Tag: dope body

Q&A: Michael Faulkner, director of ‘Dope Body: The End,’ talks about the band’s music, capturing the final performances, more

A still from “Dope Body: The End.”

During its eight-year run, the scuzzy noise rock band Dope Body was never the first name on the tongues of national music journalists delving into the Baltimore scene. That didn’t stop them from, over the course of six albums, earning a loyal following both at home and elsewhere in the country with an abrasive sound and a sweaty, physical live show.

In 2016, they called it quits, playing two final shows at the Metro Gallery and the DIY space Floristree. This Wednesday, we will get the definitive document of the latter in the movie “Dope Body: The End,” a concert film that eschews interviews, commentary and any behind-the-scenes looks and stays homed in on singer Andrew Laumann, guitarist Zachary Utz, bassist John Jones and drummer David Jacober as they deliver a raw farewell performance.

Director Michael Faulkner, whose credits include the documentary “Shu-De!” on local beatboxer Shodekeh, says the black-and-white, anamorphic footage matches the gritty qualities of the band’s music and stage presence. “We felt like it ended up resembling a 16 mm film, like a ’70s Iggy and the Stooges concert,” he said. I met up with Faulkner earlier this week to talk about what drew him to Dope Body’s music, how he and his film crew captured the group’s final performances, the movie’s premiere at the Parkway Theatre and more.

Sick with 1,000 Fevers: The Music Videos of Ben O’Brien and Showbeast

Ben with puppet Kasey Tang ca. 2007.

Ben O’Brien has never let the fact that he doesn’t play an instrument or write songs keep him out of the music scene. In college, this meant his brother (that’s me) had to devise a band with two lead singers, one of whom could sort of growl along. Post-college, it meant making a slew of music videos that tie into his puppet-and-green-screen-heavy video series Showbeast, which Ben describes as “a kids-TV-show style series of short films that come out irregularly for adults.”

Eli Jones: Baltimore’s Tragic Suburban Rock Star Remembered

Eli Jones ca. 1996. Photo by Jason Forster.

If you weren’t part of Baltimore’s suburban youth rock scene of the ’90s, you may never have heard of Eli Jones, a musician his friends and fans — Rjyan Kidwell AKA Cex, local music writer Tim Kabara, Human Host’s Mike Apichella, and Tempsound Solutions’ Shawn Phase among them — refer to variously as “brilliant,” a “rock star,” a “young Captain Beefheart,” and “one of the greatest artists of any kind who ever lived.”

Baltimore Music Fans: Friday Show Double-Whammy Wildness


Friday night’s going to be a wild one. It’ll kick off at the Current Space Lot and end at some ungodly hour in the Floristree.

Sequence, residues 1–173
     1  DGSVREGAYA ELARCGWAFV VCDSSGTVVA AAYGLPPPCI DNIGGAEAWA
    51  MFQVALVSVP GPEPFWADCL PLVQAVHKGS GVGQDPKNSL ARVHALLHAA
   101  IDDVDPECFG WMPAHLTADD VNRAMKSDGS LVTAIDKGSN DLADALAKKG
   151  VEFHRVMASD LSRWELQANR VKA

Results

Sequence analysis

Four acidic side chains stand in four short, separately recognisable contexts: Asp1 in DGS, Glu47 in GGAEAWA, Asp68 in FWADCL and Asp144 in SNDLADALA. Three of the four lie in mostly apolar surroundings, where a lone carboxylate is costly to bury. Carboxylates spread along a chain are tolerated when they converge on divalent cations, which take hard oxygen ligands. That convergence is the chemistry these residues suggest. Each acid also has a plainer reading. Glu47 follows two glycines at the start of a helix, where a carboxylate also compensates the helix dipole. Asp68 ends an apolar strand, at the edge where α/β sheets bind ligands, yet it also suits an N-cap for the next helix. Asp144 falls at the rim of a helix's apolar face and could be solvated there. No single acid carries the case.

Current is holding a double-album release party for Chester Endersby Gwazda and Bamboo. And if that isn’t exciting enough, Future Islands and Believers are playing there too.

    The Dirt on Scapescape, Baltimore’s Newest Summer Music Festival


    Maybe because I want to look forward to when the oppressive heat begins to give way to the cool of the early fall, I’ve decided to focus on one of Baltimore’s newest late summer festivals, Scapescape. The name is a tongue-in-cheek reference to the Baltimore tradition of Artscape send-ups (e.g. Starscape, Ratscape, Whartscape, etc.), and the festival was first organized last year filling a void left by the demise of Whartscape in 2010. But Scapescape’s main organizer, Dave Underhill, is careful to emphasize that the Wham City organized festival only inspired Scapescape in part.

    Either way, Underhill’s -scape continues the tradition of oversize, local-band-and-artist-driven summer blowouts, occupying stages inside and outside of the Windup Space and Metro Gallery, as well as various art galleries, August 30 – September 2. Of the 50-plus bands already announced (more to come!), Wye Oak, Celebration, Dope Body, and Arbouretum are among the bigger names. Unlike Whartscape (which I promise to stop mentioning), Scapescape draws from exclusively local talent.

    I interviewed the festival’s main organizer, Dave Underhill, who offered a little more insight into Scapescape’s beginnings, as well as what we can expect this year.

    What prompted the first Scapescape? Was it the end of Whartscape?

    Actually, what prompted the first Scapescape was the impending closure of the Gspot.  My friend and co-organizer Reuben Kroiz, who founded the venue, wanted to orchestrate a blowout festival to send it off.  He had just recently been to see my now-defunct band the Suits and asked if we wanted to play this with our friends in the now-(criminally)defunct band We Used to Be Family.  Since we were the first he asked, I offered to do one better and help organize the entire show.  As we were in a bar, also present were Dan Deacon, Ed Harris of Big in Japan, and Brandon Arinoldo of Sri Aurobindo.  I asked all three if they wanted to play a festival for the Gspot.  All were willing, and the show snowballed in size from there.  So a lot of credit goes to those guys for helping us get started.